“A relatable, tenderly observed account of the “sacred joy” of tending to the dying.”

Kirkus Reviews


Leslie Lindsay:

I understand you attended the La Jolla Writer’s Institution and took a class in memoir. The instructor said something like, “Great! So you wrote a memoir; are you open to some structural changes?” Can you tell us a little more about that process, your time line and what you found most challenging?

Lannette Cornell Bloom:

Yes, it was the La Jolla Writer’s Conference. My younger daughter had attended the year before and took a class with a writing coach named Marni Freedman, whom she felt would be a good match for my book. After the conference, I sent Marni my notebook of memories (well, I typed them up first!) and she provided a fresh perspective of what she thought my book could become. We worked together over the next year to dive deeper into the memories, decide which ones were most important to keep, and how to express the changes I went through from the beginning of the process to the end. In essence, she helped me turn my memories into a story.

From that point, I showed the draft to my daughters—who both had amazing feedback—and my younger daughter ended up joining Marni and I in the process of rewriting over the next year. So I really did have an amazing team behind me!

The most challenging part was definitely diving deeper. My daughter would say, “but, Mom, how did this part make you feel.” And that was when I really relived some of those tougher moments. In a way, writing this book was an extension of the healing process that I didn’t know I needed!

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Photo by Negative Space on Pexels.com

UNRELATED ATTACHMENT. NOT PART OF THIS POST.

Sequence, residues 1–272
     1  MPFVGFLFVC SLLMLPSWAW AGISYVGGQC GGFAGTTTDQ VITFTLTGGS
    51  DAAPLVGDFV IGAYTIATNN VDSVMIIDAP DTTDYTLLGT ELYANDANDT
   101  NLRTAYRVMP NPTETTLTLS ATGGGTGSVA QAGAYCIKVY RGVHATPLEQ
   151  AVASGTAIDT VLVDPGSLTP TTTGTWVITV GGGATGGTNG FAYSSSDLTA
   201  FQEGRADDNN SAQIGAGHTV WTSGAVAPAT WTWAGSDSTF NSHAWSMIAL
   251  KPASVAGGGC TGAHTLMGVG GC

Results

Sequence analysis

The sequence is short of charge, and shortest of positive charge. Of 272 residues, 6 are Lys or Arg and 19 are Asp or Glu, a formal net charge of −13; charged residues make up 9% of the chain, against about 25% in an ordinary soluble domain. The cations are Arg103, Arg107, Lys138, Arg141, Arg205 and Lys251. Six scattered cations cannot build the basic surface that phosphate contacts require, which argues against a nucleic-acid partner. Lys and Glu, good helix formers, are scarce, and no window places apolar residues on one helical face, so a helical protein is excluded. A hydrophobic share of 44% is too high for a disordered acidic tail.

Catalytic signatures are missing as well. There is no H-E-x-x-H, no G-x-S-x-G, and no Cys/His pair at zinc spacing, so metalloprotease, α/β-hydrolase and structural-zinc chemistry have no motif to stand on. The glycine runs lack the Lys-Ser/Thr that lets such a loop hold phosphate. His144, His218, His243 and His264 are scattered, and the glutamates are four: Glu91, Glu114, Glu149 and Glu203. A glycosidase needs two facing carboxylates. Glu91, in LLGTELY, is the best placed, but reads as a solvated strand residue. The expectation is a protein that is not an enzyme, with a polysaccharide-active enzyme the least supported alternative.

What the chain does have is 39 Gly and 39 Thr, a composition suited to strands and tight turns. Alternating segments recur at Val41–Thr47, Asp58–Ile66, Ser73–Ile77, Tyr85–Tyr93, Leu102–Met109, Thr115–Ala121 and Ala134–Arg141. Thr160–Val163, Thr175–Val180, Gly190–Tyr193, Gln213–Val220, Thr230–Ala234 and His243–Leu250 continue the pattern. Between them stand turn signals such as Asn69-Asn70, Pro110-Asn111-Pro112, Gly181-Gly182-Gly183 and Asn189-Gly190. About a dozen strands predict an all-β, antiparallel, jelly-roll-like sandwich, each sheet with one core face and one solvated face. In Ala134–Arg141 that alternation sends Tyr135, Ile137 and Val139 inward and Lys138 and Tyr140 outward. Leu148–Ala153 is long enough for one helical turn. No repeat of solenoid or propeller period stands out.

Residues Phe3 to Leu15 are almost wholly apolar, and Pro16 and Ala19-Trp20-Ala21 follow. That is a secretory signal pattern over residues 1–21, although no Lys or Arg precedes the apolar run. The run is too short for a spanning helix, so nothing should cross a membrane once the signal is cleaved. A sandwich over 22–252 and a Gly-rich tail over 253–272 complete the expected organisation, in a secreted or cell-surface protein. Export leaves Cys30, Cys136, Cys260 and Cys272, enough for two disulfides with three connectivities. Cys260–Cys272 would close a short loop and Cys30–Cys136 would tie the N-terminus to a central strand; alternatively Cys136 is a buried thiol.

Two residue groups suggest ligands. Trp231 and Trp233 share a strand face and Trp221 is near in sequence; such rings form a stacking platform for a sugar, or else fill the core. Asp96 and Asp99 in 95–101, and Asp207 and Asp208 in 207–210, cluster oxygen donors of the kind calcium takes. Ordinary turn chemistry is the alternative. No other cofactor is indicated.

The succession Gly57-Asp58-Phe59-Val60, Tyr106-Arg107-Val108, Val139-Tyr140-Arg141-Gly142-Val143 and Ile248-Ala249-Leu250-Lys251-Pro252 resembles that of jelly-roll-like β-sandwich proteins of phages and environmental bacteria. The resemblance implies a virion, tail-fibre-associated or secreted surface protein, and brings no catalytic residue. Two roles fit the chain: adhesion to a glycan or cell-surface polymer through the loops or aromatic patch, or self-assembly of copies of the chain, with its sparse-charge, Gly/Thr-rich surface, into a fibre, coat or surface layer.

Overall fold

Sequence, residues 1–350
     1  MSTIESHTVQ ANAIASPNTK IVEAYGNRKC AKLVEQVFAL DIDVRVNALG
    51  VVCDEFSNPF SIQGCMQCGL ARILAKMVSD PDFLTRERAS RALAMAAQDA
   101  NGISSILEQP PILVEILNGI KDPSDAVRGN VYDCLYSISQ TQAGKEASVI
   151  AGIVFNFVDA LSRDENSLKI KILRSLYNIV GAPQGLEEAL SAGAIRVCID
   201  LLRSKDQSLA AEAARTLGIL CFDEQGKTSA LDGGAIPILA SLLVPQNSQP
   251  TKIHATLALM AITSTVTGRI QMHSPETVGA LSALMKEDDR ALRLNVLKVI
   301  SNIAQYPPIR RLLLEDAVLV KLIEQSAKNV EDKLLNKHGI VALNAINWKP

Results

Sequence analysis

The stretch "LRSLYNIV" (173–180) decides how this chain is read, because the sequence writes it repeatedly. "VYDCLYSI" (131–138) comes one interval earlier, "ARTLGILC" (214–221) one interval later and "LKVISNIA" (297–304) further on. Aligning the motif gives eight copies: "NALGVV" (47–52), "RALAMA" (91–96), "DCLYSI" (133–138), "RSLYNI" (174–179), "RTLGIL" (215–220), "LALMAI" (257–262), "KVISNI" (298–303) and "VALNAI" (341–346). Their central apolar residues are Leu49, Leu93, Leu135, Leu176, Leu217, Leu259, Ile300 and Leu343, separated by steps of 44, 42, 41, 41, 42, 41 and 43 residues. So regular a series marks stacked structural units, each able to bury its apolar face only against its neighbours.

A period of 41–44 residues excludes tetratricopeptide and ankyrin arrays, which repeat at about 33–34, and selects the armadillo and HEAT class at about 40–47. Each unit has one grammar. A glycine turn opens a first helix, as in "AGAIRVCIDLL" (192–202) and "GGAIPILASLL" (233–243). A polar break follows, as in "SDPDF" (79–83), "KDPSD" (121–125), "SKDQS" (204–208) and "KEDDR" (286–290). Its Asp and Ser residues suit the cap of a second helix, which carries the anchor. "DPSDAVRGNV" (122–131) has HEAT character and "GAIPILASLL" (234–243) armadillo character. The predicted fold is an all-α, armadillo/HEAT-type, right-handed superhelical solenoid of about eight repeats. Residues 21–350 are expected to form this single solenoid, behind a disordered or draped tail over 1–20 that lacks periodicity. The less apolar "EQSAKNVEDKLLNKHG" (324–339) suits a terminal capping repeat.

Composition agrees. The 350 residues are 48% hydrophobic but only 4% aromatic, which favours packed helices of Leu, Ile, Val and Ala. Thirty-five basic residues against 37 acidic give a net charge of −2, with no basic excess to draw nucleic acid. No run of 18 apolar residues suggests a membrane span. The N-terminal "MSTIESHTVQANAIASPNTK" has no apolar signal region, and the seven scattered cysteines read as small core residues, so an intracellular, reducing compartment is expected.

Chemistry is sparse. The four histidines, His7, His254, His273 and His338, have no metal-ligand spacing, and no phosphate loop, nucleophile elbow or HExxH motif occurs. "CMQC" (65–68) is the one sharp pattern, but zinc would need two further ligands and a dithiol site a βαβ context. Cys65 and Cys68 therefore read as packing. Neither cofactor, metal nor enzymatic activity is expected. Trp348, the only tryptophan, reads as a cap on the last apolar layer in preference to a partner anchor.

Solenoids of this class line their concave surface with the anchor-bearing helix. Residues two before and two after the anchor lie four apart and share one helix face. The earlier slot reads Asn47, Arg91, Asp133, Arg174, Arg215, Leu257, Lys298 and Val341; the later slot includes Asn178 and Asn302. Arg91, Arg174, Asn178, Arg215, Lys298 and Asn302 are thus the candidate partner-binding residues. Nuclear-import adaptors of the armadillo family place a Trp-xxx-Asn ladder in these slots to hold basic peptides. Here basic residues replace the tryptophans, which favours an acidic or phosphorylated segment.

Leslie Lindsay:

You talk about the ‘magical side of death,’ and I’m curious if you could explain that a bit more? Death can hurt. It can seem unfair. It can be a lot of things, but ‘magical’ isn’t always word that comes to mind for most. 

Lannette Cornell Bloom:

You are absolutely right. And that’s what I want this book to accomplish. We are all going to die one day—and almost all of us will experience the death of a parent or other loved one, oftentimes way sooner than we could ever anticipate. So if we don’t have a choice, why dwell in that negative mindset of how unfair it is? That’s not to say to ignore emotions that need to come out. But there’s always joy to be found within a hardship. Whether you do something as simple as brighten your love one’s room with flowers, have a picnic lunch in the park while waiting between hospital visits, ask your loved one a question about his or her childhood, share a silly joke—each and every one of us has the ability to shift our mindset and dive into those precious moments no matter what the situation or how long we have to say goodbye to a loved one. And that, to me, is magical.

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Photo by Pixabay on Pexels.com

Leslie Lindsay:

Your mother seems like she was such a remarkable woman. Generous, funny, a great cook, and that smile! What do you think she might have to say about this book?

Lannette Cornell Bloom:

Thank you so much! I keep a picture of her in my kitchen with that big smile so I can still see it everyday. My daughters and I still make her recipes and recite her quotes, my favorite of which is: